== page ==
SAMPLES
MIDNIGHT

I loathe the night. My old joints complain and my bones ache. By day, I have the distraction of friends and a life unmolested by numbers. No numbers that plague me in the dark. When the sun goes down we drink and seek escape. Under the bridge we huddle like puppies, stealing each other’s warmth as cars drone above us, their tires humming over the surface of our concrete ceiling.

Jesus, I’m so old. I have lived beneath the bridge since my life was stolen. By whom I have no idea, only a dim memory of a different time when I was warm at night. In my mind cave, I hunker down and fight the disjointed memories, desperate to hide from the faces that urge my confused mind to sense what was.

But I refuse to think and wrap my blanket tighter around my shoulders, longing for daylight. Thoughts twitter like annoying birds, pulling me out of the womb of drink. I need more alcohol, or the night will swallow me, drive me more insane with the ghosts of unrecognized dead. A friend sleeps by me—I know he has half a bottle. While I lie tortured, he sleeps because he has drowned his consciousness. Come morning he won't remember what he had, only that he needs more. Carefully pushing aside his coat, I see the bottle tucked carelessly under his heavy arm. With a slight tug, it slides into my hand. Half a bottle of pretty good stuff. Vodka, not wine. Nearly a pint.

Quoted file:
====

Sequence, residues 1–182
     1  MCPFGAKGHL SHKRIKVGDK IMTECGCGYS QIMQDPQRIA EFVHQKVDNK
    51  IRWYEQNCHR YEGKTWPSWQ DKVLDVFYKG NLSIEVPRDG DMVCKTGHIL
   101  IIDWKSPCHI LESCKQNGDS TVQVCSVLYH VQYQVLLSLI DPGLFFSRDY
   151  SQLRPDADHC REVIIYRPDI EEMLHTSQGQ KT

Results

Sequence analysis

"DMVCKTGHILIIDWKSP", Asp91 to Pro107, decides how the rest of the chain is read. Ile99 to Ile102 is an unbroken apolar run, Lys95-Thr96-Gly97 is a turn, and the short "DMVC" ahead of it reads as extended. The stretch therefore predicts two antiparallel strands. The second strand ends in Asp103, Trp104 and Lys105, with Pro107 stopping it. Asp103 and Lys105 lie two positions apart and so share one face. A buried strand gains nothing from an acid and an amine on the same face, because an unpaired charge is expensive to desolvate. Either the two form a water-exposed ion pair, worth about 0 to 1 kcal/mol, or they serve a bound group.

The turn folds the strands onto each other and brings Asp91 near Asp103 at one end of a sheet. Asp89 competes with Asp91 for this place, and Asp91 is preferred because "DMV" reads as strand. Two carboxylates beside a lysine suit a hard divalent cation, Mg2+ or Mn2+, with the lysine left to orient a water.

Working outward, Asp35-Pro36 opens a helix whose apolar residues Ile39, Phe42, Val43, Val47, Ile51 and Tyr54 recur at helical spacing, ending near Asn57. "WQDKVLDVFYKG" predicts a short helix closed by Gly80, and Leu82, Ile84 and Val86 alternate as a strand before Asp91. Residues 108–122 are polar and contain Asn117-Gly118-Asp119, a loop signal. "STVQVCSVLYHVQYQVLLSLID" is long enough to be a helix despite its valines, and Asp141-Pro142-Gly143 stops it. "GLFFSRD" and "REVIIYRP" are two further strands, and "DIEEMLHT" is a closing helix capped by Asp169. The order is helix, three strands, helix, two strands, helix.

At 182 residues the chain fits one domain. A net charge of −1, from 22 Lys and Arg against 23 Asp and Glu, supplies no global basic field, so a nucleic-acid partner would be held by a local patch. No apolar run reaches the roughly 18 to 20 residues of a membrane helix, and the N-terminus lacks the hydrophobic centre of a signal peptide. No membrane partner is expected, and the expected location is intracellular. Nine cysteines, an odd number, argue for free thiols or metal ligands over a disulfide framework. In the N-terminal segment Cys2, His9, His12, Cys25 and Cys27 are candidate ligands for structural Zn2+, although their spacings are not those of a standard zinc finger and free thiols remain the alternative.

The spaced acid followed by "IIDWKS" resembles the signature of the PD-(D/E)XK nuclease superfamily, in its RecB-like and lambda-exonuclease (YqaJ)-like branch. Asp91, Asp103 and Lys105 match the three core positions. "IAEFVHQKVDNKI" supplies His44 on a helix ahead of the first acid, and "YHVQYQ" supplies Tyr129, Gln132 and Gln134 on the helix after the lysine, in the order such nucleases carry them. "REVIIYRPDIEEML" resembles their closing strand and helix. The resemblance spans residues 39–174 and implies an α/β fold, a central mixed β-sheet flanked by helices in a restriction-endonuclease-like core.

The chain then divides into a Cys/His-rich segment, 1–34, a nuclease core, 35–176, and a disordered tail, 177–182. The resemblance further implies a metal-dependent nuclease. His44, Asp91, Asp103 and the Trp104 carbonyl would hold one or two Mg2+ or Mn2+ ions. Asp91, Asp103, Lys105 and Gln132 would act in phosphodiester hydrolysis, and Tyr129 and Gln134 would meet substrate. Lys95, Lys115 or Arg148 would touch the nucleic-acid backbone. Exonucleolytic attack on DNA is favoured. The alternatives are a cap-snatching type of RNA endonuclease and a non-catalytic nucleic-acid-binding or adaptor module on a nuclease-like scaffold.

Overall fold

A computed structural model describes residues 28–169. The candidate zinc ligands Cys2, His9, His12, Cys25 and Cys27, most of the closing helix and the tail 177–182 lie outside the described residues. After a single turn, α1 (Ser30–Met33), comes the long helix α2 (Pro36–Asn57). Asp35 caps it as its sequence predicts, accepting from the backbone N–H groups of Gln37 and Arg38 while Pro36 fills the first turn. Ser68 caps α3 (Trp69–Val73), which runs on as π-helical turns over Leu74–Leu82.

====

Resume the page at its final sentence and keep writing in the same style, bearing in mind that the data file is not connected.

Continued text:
With my breath held, I open the top as carefully as a safecracker. This is wrong, I know. Danny will need this in the morning, he always needs a drink in the morning, I surrender to the need and drink deeply from the glass throat of salvation. The voices quiet and the faces of the ghosts fade as the liquor fills the empty spot, quiets the haunts and drives away the numbers. As I finish the last gulp and cough into my blanket. Light flashes above where we sleep and a voice hisses an urgent warning to others.

They come so often now we expect the pain and the torment. There is no fear because the vodka has made me full and peaceful. I’ve survived their beatings before. These boys with the shaved heads hate us, they come to steal from us and drive us away. But their words and fists drum on deaf ears and defiant eyes.

We stay because we love our bridge; we love our clan and we will always stick together. The light blinds me as I am pulled to my feet, but I am too drunk to see and too peaceful to care. One slaps my head and then pulls my face to the light by a handful of my tangled beard. I squint at the brightness. Through my half-lidded eyes, the light looks like the soft glow of the opening of heaven.

“That him?” A voice unfamiliar.

“Yeah, it’s him. I’ll be goddamned!”

The voice of a ghost. The numbers haunt it. I wish I knew what they meant. So many zeros and so much shame. 

“What if the others wake up?”

“They won’t. These rags are too fucked up.” 

I am ragged.

The numbers haunt that voice.